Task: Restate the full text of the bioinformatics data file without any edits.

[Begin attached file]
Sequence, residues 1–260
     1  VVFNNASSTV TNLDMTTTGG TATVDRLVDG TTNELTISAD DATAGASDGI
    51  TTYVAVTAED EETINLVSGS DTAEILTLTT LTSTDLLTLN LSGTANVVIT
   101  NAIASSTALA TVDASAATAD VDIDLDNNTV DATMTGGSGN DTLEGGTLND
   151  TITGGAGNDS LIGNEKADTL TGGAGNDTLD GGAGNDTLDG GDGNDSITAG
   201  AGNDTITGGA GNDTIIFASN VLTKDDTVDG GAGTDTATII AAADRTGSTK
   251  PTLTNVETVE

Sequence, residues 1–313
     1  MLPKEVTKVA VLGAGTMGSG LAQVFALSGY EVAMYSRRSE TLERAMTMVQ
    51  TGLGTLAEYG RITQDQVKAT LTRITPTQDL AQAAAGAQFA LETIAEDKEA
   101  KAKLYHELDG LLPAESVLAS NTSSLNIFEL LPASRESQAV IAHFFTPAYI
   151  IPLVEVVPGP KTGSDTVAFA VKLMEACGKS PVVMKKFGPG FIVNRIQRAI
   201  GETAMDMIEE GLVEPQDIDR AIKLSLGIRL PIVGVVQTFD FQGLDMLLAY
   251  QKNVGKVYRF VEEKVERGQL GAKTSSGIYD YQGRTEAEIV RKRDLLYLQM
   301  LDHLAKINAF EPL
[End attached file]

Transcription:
Sequence, residues 1–260
     1  VVFNNASSTV TNLDMTTTGG TATVDRLVDG TTNELTISAD DATAGASDGI
    51  TTYVAVTAED EETINLVSGS DTAEILTLTT LTSTDLLTLN LSGTANVVIT
   101  NAIASSTALA TVDASAATAD VDIDLDNNTV DATMTGGSGN DTLEGGTLND
   151  TITGGAGNDS LIGNEKADTL TGGAGNDTLD GGAGNDTLDG GDGNDSITAG
   201  AGNDTITGGA GNDTIIFASN VLTKDDTVDG GAGTDTATII AAADRTGSTK
   251  PTLTNVETVE

Sequence, residues 1–313
     1  MLPKEVTKVA VLGAGTMGSG LAQVFALSGY EVAMYSRRSE TLERAMTMVQ
    51  TGLGTLAEYG RITQDQVKAT LTRITPTQDL AQAAAGAQFA LETIAEDKEA
   101  KAKLYHELDG LLPAESVLAS NTSSLNIFEL LPASRESQAV IAHFFTPAYI
   151  IPLVEVVPGP KTGSDTVAFA VKLMEACGKS PVVMKKFGPG FIVNRIQRAI
   201  GETAMDMIEE GLVEPQDIDR AIKLSLGIRL PIVGVVQTFD FQGLDMLLAY
   251  QKNVGKVYRF VEEKVERGQL GAKTSSGIYD YQGRTEAEIV RKRDLLYLQM
   301  LDHLAKINAF EPL